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Nov. 24, 2009

Suiting up for change

by Rose Wynn, Online Sports Editor
Michael Phelps was the only one with his chest bare at the Stockholm races. But in a waist-high 2008 Speedo LZR Racer swimsuit that went to his knees, Phelps cut through the water 1.84 seconds too slow. The older-style suit left him at 16th place in the freestyle race, far behind the winners and far behind the times.

In 2008, Speedo introduced their first polyurethane swimsuit. It was a sleek, full-body, non-textile piece of technology expected to deliver faster swimming times than even the best performance-enhancement drug.

And it did. During the 2008 swimming world championships in Rome, swimmers set over 43 new world records. The vast majority of record-breakers wore the new suit, according to the New York Times. The swimmers set 13 more records than those who competed in Australia a year before the suits were introduced. By the end of 2008, the new suit technology had yielded 108 swimming world records.

Recently, the Federation Internationale de Natation (FINA), the international governing body of swimming, decided to ban the bodysuits starting Jan. 1, 2010. Until then, swimmers can decide whether to sport the high-tech suits or more conventional wear. At Stockholm, most swimmers stuck with polyurethane, knowing it could bring them gold and glory. But Phelps honorably chose to compete with his natural talent and strength, unaided by the technical power of a swimsuit.

His sacrifice took a toll. Phelps dragged during his push-off for the 100-meter backstroke and was disqualified from the race. He missed two finals on Tuesday, and placed only third in the 100-meter individual medley. Even in the 200-meter butterfly, his claim-to-fame, Phelps fell to fifth place. For the 200-meter individual medley, Phelps trailed behind the first-place swimmer by an entire second.

Phelps realized that his decision to shun the high-tech bodysuit would mean a blow to his rankings. "I knew this wasn't gonna be the best meet, but every now and then we need a wake-up call," he said.

An avid supporter of the swimsuit ban, Phelps decided to risk it all at Stockholm and gauge his true potential for the 2010 national swimming championships, at which swimmers will be expected to sport the older swim garments. "We have to get used to it, so it's good to start now," Phelps said in an ESPN interview.

World-class swimmers used Stockholm as an excuse to squeeze a last advantage out of the new swimsuits. As a result, five new world records were created, which may have been impossible without the polyurethane bodysuits. FINA claimed such world records would stand after the ban, regardless of whether or not they could be beaten without the bodysuits. However, FINA executive director Cornel Marculescu recently stated that such unsurpassed records could be "amended" if necessary.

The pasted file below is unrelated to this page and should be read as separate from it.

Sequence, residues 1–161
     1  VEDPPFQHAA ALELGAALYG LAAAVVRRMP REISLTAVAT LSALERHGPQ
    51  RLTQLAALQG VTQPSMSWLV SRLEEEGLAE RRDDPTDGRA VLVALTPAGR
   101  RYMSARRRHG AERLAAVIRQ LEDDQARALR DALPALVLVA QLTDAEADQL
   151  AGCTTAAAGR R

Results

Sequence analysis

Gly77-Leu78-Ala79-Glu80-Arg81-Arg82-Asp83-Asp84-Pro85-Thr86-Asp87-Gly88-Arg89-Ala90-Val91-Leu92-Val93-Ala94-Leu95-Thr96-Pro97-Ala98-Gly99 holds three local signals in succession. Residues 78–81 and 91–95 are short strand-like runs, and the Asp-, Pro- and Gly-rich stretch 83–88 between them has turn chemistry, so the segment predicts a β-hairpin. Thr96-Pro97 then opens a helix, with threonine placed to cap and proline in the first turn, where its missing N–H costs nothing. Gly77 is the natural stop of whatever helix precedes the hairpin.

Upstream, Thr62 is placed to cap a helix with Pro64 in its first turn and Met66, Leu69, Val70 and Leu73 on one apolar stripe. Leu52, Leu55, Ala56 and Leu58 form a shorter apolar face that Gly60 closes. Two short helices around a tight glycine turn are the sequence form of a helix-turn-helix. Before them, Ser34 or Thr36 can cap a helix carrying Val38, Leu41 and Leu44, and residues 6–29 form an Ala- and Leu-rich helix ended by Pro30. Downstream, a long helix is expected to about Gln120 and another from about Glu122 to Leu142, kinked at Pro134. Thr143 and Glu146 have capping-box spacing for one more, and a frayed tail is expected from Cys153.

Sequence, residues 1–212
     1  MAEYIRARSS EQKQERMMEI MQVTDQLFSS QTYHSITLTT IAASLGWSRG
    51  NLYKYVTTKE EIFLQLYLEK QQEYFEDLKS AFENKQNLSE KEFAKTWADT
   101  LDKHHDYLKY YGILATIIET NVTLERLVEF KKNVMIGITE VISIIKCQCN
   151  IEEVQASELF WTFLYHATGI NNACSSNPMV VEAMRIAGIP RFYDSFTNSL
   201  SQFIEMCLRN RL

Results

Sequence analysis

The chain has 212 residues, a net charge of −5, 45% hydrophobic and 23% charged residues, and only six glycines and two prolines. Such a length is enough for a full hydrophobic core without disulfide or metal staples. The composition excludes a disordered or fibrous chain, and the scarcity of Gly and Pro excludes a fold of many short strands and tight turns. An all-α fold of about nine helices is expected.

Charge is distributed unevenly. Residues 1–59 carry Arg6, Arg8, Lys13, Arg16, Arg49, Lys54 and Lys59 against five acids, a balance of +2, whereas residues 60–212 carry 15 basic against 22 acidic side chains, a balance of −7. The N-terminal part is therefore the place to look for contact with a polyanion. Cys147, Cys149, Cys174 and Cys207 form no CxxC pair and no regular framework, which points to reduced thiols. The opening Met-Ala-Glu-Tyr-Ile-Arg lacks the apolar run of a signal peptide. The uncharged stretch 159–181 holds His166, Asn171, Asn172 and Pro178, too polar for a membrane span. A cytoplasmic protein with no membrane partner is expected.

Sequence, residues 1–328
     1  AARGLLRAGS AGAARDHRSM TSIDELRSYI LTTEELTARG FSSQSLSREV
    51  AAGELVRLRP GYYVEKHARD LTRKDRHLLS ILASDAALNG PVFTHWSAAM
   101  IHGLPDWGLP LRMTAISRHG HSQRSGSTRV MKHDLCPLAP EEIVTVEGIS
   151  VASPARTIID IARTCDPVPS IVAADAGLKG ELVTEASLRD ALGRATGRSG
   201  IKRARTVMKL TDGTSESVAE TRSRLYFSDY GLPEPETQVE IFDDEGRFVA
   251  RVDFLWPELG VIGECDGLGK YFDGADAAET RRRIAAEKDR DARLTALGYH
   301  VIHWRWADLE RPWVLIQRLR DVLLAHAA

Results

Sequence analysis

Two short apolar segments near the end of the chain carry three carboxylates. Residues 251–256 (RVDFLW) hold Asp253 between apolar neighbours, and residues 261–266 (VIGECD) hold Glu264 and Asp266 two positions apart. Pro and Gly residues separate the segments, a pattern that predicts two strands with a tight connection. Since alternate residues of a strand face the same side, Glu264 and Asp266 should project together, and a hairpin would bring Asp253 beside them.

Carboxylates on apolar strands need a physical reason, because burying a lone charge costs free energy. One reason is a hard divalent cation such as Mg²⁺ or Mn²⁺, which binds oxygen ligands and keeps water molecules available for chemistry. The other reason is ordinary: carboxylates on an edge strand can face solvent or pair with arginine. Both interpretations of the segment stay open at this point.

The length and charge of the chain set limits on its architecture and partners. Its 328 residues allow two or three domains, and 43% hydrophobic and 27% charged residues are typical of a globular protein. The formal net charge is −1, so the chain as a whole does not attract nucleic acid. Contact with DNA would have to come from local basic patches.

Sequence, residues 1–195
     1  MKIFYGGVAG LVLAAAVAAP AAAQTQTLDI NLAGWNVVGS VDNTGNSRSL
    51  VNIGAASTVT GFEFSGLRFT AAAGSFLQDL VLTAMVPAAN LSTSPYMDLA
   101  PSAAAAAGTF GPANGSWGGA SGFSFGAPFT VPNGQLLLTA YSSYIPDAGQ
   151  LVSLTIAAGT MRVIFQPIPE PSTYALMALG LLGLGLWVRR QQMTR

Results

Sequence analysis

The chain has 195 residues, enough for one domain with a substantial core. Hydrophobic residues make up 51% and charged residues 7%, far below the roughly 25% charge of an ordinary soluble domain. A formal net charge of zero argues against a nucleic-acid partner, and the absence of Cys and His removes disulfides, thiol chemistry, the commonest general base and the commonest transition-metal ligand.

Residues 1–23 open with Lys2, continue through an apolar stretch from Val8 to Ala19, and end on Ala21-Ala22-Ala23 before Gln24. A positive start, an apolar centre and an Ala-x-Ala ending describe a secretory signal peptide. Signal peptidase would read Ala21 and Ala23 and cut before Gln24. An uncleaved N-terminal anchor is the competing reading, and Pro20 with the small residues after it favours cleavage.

It will probably be a while before the bare-chested swimmers break any sleek-suit records. For now, we can rest assured knowing that natural talent, the best measure of talent, will be winning the gold.



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  • ~~ on November 26, 2009 at 1:21 PM
    Due to his contract with Speedo, Phelps can't wear swimsuits that are not made by Speedo. So whenever, another swimsuit company comes out with a faster suit, he is not allowed to wear it. Therefore, a rule that bans the super-fast suits would benefit him greatly because then he wouldn't be at as much of a disadvantage.

    Also, Phelps was disqualified in 100 meter backstroke for not breaking out before the 15 meter mark. I guess that is what you were trying to say when you said "dragged during his push-off".
  • asd on November 27, 2009 at 6:02 PM
    What about high school Rose, what about high school?
  • Jack F (View Email) on November 30, 2009 at 2:40 PM
    There's only one thing I have to say against these suits. that is that when people who have no clue what they're talking about open their mouths and talk about how unethical it is. I swim a lot and I would personally prefer it if people would leave it to the swimmers and FiNA to figure out what to do. This applies especially to politicians. They have no business telling us what to do.

    the suits are definately ethical. If you're swimming at a level where it's actually going to make a difference, they sell the suits at meets for 80-90% off. everyone can afford it. Besides, if you can pay for a year-round swim program, you can pay for a suit.

    The polyurethane suit may be a little over the limit, however. they are completely synthetic, and make a ridiculous time drop for the swimmer. Paul Biedermann only beat Phelps because Phelps was wearing a LZR Racer, while Biedermann was wearing an Arena X-Glide.

    By the way, the author of this article made a mistake. the LZR Racer is only partially polyurethane. it was made of Lycra and Nylon. It had polyurethane inserts.
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